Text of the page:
Saturday, April 17, 2010

Angus Black and Angus Red

Is today Friday or Saturday? I’ve lost track. It was another rougher than expected week; I didn’t make it home from work one night. (Chocolate cupcakes were involved. That’s all I’m saying.)

When I’ve had a few moments to think this week, I’ve been thinking about, of all things, the Standing Black Angus Bull.

Nobody thinks much about the #365 Standing Black Angus Bull. That’s because there’s not much to think about. He was introduced in 1978, as an updated and more to-scale replacement for the Walking Angus Bull, and discontinued with most of the "Farm Friends" molds in 2004. He came in basic solid Black, without much (if any) shading. Some have glossed eyes, and for a few months in 1997, he came with bi-eyes.

And that’s about all there is to know.

I do have one in my collection, but only by accident. A few years ago on eBay I bought a large lot of Breyer non-equines that included, as its main attractions, a SR Hampshire Hog and a Polled Holstein Cow and Calf set. A Black Standing Angus Bull just happened to come with. Even though I didn’t have one in my collection at the time, he was initially slated to go to the saleslist with some of the duplicates in the lot.

I decided to give him a reprieve. I still had a bit of room to work with back then, and I figured, what the heck? He had fallen into good company, so he must have had some merit I hadn’t noticed yet. No harm in keeping him around.

There was a little bit of sympathy in the decision, too. While he’s not a part of the display collection at the moment, I always manage to shoot a bit of positive mojo his way whenever I run across him in the storage collection. I totally understand the whole "not being noticed" thing, buddy; you’ll get your moment in the sun someday. (Like me, I hope.)

In contrast, his one SR counterpart, the Red Angus Bull (aka "The Big Red One") has enough history, complications and attention to spare. He was an early SR in an era when we didn’t have a lot to choose from (something that would change very, very quickly in the early 1980s) and a non-horse SR? Now that was something!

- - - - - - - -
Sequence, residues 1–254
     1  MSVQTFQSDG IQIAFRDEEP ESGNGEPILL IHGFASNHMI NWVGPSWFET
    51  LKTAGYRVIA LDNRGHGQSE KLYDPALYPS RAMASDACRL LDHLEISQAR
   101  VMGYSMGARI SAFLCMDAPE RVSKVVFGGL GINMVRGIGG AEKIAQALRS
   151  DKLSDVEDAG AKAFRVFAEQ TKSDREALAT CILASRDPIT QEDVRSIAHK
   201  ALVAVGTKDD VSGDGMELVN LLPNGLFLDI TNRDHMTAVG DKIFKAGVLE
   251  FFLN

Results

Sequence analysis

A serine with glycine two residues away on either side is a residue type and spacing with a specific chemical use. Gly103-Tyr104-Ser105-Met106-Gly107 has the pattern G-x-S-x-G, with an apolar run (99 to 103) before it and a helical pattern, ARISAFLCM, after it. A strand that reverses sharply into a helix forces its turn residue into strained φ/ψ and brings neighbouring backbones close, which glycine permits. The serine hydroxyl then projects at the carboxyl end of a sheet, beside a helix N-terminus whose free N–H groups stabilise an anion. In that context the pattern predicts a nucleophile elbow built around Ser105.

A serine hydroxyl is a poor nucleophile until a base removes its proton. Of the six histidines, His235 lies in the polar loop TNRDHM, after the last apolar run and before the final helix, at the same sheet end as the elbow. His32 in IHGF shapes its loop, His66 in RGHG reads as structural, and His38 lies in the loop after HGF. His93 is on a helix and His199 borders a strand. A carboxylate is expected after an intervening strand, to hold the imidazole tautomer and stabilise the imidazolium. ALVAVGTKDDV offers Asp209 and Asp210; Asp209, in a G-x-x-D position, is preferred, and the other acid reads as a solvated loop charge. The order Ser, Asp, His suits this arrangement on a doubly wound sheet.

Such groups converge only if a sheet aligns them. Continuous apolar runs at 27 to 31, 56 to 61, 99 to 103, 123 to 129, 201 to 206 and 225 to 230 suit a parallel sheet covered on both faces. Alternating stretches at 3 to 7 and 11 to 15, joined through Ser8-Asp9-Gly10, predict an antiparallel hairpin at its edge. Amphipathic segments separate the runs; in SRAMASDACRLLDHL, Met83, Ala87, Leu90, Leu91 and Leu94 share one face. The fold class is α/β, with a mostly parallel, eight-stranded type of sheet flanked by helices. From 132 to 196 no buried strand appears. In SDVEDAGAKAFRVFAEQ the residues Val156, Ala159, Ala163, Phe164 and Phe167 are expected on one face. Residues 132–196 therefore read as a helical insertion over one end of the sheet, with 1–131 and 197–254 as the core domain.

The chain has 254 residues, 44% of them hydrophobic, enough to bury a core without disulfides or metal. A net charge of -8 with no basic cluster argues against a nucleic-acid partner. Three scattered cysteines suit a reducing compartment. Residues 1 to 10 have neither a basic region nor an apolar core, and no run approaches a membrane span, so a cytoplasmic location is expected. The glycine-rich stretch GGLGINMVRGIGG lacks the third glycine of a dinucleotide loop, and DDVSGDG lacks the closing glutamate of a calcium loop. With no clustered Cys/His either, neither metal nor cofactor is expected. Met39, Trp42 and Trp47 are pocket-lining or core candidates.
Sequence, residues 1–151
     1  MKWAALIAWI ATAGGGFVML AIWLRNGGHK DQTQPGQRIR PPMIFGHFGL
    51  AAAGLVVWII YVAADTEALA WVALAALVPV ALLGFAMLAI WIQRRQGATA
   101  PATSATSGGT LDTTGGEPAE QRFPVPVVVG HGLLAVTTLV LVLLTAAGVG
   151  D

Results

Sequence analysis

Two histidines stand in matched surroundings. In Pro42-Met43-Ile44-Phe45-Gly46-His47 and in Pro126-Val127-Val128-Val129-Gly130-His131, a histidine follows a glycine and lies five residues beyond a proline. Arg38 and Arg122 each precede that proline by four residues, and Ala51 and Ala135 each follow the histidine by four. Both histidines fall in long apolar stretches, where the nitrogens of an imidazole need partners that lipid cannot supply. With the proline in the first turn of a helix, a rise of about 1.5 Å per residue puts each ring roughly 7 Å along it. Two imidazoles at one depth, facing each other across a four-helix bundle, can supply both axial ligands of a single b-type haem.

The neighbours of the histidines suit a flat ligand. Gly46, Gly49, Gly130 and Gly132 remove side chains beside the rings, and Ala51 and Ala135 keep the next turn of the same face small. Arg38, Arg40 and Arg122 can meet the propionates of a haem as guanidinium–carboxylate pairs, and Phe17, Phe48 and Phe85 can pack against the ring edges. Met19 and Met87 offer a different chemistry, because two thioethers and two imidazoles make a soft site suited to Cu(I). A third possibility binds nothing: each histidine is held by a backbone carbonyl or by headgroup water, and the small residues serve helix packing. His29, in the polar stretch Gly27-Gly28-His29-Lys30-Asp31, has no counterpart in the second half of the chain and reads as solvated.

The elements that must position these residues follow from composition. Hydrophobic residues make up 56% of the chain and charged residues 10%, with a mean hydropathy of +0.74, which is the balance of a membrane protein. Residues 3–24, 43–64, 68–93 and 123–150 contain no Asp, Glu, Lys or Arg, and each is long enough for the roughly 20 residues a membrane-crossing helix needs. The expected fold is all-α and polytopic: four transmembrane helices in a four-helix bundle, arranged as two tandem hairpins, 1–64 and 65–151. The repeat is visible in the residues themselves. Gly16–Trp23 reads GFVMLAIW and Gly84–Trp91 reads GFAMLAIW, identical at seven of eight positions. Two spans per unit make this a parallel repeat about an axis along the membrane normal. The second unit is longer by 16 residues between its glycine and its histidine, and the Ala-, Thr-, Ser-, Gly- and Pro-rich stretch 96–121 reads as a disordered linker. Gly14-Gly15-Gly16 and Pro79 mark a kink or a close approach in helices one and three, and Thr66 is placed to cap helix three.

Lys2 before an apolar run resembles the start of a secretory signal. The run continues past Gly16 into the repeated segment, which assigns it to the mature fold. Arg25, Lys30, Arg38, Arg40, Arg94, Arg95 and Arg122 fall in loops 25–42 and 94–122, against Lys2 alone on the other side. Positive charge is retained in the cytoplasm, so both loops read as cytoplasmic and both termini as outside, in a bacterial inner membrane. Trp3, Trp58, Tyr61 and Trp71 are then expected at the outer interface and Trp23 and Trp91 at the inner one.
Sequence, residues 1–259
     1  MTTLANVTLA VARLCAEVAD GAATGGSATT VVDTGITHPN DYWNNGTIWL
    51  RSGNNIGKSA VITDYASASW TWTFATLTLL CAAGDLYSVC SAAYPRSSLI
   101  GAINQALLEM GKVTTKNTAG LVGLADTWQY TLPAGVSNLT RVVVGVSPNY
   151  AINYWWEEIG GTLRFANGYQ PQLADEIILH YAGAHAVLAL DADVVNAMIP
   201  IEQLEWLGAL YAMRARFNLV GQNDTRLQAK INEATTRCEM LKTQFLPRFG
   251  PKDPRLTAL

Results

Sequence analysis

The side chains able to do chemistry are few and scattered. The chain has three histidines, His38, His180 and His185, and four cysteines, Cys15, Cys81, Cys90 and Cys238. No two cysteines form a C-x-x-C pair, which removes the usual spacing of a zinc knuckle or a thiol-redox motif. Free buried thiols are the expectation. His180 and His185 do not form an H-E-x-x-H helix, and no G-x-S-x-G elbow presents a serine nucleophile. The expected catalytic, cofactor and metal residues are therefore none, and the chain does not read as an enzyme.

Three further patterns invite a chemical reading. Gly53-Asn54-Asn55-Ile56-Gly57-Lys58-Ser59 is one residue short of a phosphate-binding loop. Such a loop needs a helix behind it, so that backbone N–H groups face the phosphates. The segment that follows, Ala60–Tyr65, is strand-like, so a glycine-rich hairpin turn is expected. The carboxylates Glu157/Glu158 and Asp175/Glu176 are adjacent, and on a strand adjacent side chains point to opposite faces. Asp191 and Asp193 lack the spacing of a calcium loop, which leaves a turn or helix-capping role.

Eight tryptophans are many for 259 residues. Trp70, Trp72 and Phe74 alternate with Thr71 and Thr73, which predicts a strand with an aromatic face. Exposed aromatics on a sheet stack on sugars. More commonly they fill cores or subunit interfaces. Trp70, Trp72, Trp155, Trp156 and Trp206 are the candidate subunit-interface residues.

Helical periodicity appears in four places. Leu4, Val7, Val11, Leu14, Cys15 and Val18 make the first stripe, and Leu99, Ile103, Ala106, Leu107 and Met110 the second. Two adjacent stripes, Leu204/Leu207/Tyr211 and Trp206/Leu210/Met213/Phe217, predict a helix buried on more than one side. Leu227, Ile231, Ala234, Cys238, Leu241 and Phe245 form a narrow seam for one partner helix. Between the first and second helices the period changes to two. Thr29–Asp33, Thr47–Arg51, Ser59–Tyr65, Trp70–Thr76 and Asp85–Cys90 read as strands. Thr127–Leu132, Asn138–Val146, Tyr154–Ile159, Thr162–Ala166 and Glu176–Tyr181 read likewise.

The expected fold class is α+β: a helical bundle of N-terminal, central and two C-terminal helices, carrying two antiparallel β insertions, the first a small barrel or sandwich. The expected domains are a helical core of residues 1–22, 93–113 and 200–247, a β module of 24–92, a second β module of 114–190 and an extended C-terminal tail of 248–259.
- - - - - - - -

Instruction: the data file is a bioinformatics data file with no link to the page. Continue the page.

There were about 1000 models made, in four batches: 100 of the first batch, 200 of the second, 300 of the third, and presumably 400 of the fourth. The first batch of 100 is easy to distinguish from the rest, as they came with pinkish noses: the subsequent releases did not.

Later releases can be distinguished from each other by their hand-numbering: each batch had a slightly different numbering system. The first batch was over 100 (i.e. "23/100") the second over 200 ("145/200"), the third batch over 300 ("223/300"); the fourth batch didn’t indicate a batch quantity number ("278.")

Mine’s from the second batch: I’m not feeling up to photographing the numbering between his front legs to show you, so I’ll just scan the certificate he came with instead:


I still have the box he came in, too: just an ordinary illustrated shipper for the #365. The box is as I received it, save for the tape being yellowed and all that; all I did was slit the box open, pulled the bull out, and tossed the box in my closet, like a good little history nerd. The handwriting is original, and not my own.


I'm not normally a big fan of his "dead red" coloring, but it looks good on him. Breyer thought so too, and followed up a short time later with another SR Bull release - the Shorthorn Bull, on the Charolais mold.

I have one of those too, sorta. It's another long story.

3 comments:

GWR said...

I just spotted a pair of black Angus bulls at a local antique shop yesterday: the old walking one w/halter and the larger standing one. I would have loved to have brought them both home, but they were $30 each and I can't afford to spend $60 at the moment. :(

Christine said...

I have a pink nosed one and he is one of my very favorite models.

Anonymous said...

Anybody interested in selling a red angus? Dan_t17@hotmail.com